Risk Management Comments

After the patient’s PCP learned of the patient’s diagnosis, but prior to the lawsuit being filed, the patient’s PCP, and owner of the practice, sent a letter to the patient and her husband. The letter asserted that a problem with the EHR’s alert system was the cause of her FBT result being missed which led to a delay in her cancer treatment. The letter was signed by all the providers involved in the patient’s most recent care, which included the insured FNP. The FNP and all the other providers who signed the letter were all later named in the lawsuit.
Unfortunately, the practice did not properly investigate the incident. When the EHR company investigated the incident, it was able to prove that the missed lab result was a human error by the practice and not due to a defect in the EHR system.
During his deposition, the PCP was forced to admit the error of the practice. However, the situation had already resulted in the insured FNP being named in the lawsuit.


The FNP notified NSO/CNA a few weeks prior to her deposition, which was two years after the claim was filed and four years after the patient’s death. Her reasoning for the delayed notification was that she believed her employer would work with her to defend the claim.
It wasn’t until she learned about the other named providers holding her responsible during their deposition testimony that she reported the incident. The possibility of a jury awarding the plaintiff with an excessive verdict amount due to the emotional aspect of the claim concerned the FNP.
Several of the providers were distressed about being named in the claim, thus compounding the difficulty of defending the FNP.
Despite having defense experts that could defend the actions of the FNP, the insured was very concerned and requested that the claim be resolved.
The claim resolved on behalf of the insured FNP with a total incurred of greater than $1,000,000.

(Note: Figures represent only the payments made on behalf of our insured family nurse practitioner and do not include any payments that may have been made by the FNP’s employer on her behalf or payments from any co-defendants. Amounts paid on behalf of the multiple co-defendants named in the case are not available.)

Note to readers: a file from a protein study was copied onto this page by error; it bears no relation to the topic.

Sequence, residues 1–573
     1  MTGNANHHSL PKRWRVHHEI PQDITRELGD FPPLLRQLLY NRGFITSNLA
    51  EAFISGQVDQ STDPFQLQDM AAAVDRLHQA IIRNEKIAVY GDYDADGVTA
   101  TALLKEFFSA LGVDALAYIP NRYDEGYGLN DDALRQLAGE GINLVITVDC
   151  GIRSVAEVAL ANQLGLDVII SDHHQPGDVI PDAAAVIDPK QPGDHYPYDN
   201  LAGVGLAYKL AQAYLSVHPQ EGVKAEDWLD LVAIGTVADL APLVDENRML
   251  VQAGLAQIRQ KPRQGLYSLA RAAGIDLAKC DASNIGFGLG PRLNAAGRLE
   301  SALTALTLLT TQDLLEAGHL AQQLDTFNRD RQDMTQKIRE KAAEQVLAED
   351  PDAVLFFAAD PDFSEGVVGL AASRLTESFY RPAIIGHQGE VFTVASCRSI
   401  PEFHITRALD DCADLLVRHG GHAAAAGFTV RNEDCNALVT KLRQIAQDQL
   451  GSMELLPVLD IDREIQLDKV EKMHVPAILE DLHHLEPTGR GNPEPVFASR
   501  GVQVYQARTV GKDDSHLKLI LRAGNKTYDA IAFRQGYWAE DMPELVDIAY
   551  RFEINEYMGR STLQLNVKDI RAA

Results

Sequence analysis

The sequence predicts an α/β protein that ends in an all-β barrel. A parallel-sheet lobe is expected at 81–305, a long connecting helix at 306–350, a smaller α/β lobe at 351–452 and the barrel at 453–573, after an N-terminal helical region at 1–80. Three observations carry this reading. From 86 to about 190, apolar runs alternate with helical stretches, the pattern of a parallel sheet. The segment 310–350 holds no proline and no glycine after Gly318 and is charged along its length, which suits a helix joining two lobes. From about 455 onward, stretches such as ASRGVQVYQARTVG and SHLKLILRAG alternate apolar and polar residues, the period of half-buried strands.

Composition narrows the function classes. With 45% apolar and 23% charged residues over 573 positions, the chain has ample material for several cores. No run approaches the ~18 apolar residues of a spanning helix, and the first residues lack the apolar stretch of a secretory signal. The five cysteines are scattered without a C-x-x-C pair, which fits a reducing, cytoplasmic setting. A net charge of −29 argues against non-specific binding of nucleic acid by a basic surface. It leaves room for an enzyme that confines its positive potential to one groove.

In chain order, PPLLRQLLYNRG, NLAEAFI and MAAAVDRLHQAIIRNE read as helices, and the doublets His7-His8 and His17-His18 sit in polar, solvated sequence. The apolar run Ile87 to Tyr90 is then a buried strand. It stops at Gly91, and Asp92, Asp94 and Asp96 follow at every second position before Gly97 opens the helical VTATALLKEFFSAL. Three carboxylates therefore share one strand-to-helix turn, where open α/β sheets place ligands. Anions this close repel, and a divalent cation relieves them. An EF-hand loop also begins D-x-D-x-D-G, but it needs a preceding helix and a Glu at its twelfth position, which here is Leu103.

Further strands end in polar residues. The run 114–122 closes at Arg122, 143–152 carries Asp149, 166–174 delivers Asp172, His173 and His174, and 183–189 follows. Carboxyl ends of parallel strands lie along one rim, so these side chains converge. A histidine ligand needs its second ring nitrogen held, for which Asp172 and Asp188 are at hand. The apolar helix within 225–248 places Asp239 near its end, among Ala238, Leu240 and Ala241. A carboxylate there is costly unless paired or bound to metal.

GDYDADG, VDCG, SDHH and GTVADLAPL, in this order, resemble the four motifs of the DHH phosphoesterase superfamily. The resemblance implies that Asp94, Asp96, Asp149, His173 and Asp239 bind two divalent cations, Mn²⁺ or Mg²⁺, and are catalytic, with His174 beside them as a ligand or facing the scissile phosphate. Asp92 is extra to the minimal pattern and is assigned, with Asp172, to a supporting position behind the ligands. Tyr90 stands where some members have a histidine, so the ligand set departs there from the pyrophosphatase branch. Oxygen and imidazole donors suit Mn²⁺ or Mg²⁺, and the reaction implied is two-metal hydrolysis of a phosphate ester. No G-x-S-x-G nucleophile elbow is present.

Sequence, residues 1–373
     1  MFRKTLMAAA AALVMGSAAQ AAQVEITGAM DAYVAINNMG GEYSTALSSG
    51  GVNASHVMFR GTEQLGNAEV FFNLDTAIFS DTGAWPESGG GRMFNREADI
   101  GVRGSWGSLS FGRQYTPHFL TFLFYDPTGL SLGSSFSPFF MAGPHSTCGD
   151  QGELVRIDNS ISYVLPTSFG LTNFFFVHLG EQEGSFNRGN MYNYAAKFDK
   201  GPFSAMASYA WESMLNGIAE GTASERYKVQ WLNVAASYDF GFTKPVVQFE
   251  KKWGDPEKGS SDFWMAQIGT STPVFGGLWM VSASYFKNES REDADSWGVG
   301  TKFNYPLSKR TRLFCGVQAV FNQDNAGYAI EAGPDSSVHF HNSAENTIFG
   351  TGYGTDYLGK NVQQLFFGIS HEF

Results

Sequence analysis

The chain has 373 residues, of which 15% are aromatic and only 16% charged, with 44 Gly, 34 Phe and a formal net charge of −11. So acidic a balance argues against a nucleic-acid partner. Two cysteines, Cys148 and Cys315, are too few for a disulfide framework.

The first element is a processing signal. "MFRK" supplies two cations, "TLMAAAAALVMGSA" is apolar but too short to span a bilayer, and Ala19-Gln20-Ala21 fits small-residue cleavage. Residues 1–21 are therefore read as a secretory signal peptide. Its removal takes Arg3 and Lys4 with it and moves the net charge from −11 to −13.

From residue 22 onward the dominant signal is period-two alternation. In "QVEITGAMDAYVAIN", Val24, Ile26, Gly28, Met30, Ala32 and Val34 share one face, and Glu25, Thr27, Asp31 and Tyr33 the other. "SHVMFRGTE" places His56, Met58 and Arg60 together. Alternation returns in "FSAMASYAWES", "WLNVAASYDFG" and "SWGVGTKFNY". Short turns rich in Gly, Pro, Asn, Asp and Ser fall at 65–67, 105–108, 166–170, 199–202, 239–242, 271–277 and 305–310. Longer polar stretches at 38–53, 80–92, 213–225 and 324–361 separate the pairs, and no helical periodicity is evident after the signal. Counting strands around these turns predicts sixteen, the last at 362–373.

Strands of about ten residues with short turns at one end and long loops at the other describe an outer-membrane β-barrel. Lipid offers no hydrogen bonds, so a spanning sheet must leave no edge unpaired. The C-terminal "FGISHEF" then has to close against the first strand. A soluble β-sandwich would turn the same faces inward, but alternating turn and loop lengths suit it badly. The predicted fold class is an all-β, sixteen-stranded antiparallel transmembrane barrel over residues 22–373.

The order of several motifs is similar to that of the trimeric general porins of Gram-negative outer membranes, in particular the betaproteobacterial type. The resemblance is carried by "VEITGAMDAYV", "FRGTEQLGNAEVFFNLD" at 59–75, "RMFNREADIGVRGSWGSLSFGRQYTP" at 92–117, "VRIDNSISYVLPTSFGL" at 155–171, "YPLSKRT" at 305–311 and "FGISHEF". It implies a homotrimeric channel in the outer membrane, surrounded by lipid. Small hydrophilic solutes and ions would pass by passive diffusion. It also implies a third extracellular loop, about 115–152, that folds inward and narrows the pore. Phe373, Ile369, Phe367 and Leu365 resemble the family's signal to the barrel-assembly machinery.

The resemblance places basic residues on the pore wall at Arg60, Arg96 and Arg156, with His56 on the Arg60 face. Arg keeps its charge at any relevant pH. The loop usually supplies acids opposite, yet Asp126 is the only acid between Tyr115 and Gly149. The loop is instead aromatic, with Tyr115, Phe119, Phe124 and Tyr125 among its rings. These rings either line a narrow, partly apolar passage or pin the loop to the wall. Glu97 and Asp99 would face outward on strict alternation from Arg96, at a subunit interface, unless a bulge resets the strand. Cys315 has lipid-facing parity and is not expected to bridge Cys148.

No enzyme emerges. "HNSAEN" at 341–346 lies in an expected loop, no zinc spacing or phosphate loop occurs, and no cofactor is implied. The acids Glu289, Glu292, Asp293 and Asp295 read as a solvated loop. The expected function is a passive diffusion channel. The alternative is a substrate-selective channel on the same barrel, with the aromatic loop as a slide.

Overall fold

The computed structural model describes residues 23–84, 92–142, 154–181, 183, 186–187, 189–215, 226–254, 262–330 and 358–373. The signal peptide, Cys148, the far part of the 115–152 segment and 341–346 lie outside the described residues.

Risk Control Recommendations Related to Diagnosis:

  • Review the patient’s most recent laboratory and diagnostic testing results and/or visit notes, either prior to or during the appointment. Assure that test results (e.g., abnormal lab and/or diagnostic tests) and/or outstanding items (e.g., referrals or additional testing) have been addressed and/or scheduled.
  • Diligently screen for, monitor and/or treat diseases known to have high morbidity and mortality, such as diabetes, heart disease and cancer.
  • Document the decision-making process that led to the diagnosis and treatment plan.
  • Obtain, review and consider pertinent patient and family medical history, and document all findings.
  • Perform a patient clinical assessment and physical examination to evaluate and address the specific clinical issues under consideration.
  • Respond to patient questions or concerns prior to obtaining a witnessed, signed consent for the test or procedure.
  • Notify patients when screening is due and follow up if patients do not respond, documenting all communications.
  • Seek timely consultation and advice regarding patients with recurring complaints and/or signs and symptoms that do not respond to the prescribed treatment.
  • Utilize available clinical practice guidelines or protocols when establishing a diagnosis and providing treatment, documenting the justification for deviations from guidelines or protocols.
  • Establish the patient’s diagnosis by obtaining and documenting the results of diagnostic tests such as biopsies and other appropriate diagnostic tests, as well as by initiating consultations and referrals, as indicated.

Risk Control Recommendations Related to Incident Response:

  • Notify your employer’s risk management/legal department as well as the professional liability insurance carrier immediately following the unexpected death of a patient or whenever one’s actions may be under scrutiny.